Farewell to Sally - A Musical Tribute

Reading Time: 2 minutes.

Sally Fifteen years ago, newly divorced, and new to the area, I wandered into the local animal shelter. It was a cacophony of barking dogs, each—I’m sure—bewildered, and hoping for better circumstances.

In one cage, there were two dogs. One at the front, barking and frenetic. The other cowering at the back in timid silence. The assistant unlocked the cage door, and I sat on my heels looking in. Slowly and silently, the dog at the back came forward, looking into my eyes in a way I’ve never seen a dog look before or since. It felt as if she was looking right into my soul. Everybody who ever met her knows that look.

Ever so gently, she walked up to me, put her paws on my hips, took one last look deep into my eyes, then gently rested her head on my shoulder. Needless to say, I looked no further that day. At the shelter, they called her “Precious”. She came home with me. I called her “Sally”. She was one year old.

As I write this, that day was fifteen years ago. She’s currently asleep at my feet, and in two hours, I have to take her to the vet and hold her as I let her go. Arthritis and the ravages of time have finally got the better of my sweet girl.

It has been fifteen wonderful years. Being a musician, I don’t have the traditional work schedule, so we have spent nearly every hour of that time together. She’s been my constancy, my company, and my very best friend.

Sally: thank you for every precious day. We’ve experienced so much together. I desperately want to eke out every possible hour with you; to selfishly have one more hug; have one more feel of that beautiful soft fur as I kiss the top of your head, but I know now it’s time to let you go. Forgive me.

Godspeed, my precious girl. I’ll never forget you. Of one thing I’m sure: I Can’t Smile Without You. xx

Scales for Jazz Improvisation

Reading Time: 8 minutes.

I have played a lot of scales over the years. I mean a lot. One of the first things my father drummed into me when I was first learning piano, was to learn all my major and minor scales. I have done the same with every instrument I have played. On piano, I play these with each hand, and with both hands—in similar and contrary motion.

I even spent quite some time learning, and practising daily, all the modes of the major and minor scales. That, alone, equates to 252 scales! Yes, I’ve played a scale or two.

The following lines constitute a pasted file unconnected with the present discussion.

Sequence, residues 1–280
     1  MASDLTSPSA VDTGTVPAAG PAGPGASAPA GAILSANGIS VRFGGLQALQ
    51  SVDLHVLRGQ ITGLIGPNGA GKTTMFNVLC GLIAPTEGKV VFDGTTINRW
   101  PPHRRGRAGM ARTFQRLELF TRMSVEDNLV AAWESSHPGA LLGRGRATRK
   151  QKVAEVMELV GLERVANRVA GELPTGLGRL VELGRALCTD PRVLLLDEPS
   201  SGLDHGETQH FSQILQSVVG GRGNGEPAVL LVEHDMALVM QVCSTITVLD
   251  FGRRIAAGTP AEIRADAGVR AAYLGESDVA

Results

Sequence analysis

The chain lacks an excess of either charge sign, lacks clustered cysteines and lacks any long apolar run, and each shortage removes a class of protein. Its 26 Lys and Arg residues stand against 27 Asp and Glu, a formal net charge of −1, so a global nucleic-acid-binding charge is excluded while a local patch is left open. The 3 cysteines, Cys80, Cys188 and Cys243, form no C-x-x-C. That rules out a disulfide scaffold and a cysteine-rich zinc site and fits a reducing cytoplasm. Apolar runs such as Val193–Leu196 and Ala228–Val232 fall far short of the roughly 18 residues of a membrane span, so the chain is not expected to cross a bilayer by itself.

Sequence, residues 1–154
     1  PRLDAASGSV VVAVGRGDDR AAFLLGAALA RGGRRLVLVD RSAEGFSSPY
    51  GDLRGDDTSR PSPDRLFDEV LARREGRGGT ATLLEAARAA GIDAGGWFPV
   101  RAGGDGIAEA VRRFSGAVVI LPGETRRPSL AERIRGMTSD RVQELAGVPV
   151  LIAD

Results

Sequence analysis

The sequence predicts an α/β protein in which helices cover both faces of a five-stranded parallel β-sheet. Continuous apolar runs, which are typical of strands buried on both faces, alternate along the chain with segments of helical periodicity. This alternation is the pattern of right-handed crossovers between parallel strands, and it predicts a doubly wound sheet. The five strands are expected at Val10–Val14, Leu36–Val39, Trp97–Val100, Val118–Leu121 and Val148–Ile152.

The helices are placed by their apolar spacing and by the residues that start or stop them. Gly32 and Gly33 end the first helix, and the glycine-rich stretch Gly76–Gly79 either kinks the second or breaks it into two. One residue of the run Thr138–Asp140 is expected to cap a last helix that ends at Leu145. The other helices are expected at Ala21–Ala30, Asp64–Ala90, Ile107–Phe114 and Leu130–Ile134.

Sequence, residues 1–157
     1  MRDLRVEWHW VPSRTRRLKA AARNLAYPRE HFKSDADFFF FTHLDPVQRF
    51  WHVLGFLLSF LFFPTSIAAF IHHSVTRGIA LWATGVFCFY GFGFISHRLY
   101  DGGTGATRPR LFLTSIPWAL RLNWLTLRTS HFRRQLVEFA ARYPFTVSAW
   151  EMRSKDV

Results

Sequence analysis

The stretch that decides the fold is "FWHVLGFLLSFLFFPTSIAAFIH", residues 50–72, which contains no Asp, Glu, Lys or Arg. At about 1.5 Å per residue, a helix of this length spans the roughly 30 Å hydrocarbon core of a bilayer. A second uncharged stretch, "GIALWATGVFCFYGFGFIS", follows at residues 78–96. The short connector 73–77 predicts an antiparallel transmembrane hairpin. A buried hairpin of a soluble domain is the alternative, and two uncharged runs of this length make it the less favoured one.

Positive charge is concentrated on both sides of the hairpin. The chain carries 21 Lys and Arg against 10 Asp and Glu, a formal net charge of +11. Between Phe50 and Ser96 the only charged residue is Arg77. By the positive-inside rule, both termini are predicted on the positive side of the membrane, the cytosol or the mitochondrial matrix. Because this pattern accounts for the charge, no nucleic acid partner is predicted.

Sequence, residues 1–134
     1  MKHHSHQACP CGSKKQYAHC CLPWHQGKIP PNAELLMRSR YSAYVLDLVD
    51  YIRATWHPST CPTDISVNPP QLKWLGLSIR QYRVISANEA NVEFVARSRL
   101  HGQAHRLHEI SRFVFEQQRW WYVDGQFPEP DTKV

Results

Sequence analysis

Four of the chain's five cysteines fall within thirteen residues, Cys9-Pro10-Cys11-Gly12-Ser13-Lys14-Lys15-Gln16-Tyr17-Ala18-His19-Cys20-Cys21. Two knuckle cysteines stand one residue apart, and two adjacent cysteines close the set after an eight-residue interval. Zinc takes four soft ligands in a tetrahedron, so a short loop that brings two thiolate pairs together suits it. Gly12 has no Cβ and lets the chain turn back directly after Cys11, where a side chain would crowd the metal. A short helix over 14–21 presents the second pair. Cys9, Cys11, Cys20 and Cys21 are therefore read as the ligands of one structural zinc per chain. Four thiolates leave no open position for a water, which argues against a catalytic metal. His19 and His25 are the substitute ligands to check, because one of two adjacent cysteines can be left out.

I’ll let you into a secret, though: I consider much of those hours, days, years a waste of time. Let me explain:

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Sheltering in Place

Reading Time: 1 minutes.

This Coronavirus pandemic is hitting many people hard. Some of the people who were affected first were musicians. Every musician I know has lost every gig, and even in-person teaching has had to stop.

Still, some people out there are having a far tougher time than us. I’m currently in the mountains, in my motor home, sheltering in place. I’m missing playing with other musicians. What else to do but play with my own accompaniment?

The Revelation

Reading Time: 5 minutes.

Man holding a Chromatic Harmonica I wonder how many people out there are aware of what it’s like to play an instrument for many decades, and then have to go back to the drawing board and fundamentally change their entire playing technique. I count myself as one of those people, and I don’t mind admitting that it involved a lot of hard work to “unlearn” those decades of playing things the wrong way.

My hope with this post is that I help one or two people to avoid the trap I fell into, and save them a lot of time.

I take solace in the fact that at least one extremely well-known jazz harmonica player admits to having had to go through the same process, and I would venture to say that many have done the same, and many more have yet to come to: THE REVELATION.

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The Case for the Harmonica

Reading Time: 5 minutes.

Chromatic Harmonica I have played many instruments over the years. My father was a professional pianist so, naturally, he tried to get us kids interested in that instrument when we were growing up. Unfortunately, he also wasn’t the most patient man. As often happens with parents teaching children, he simply didn’t have the patience for it.

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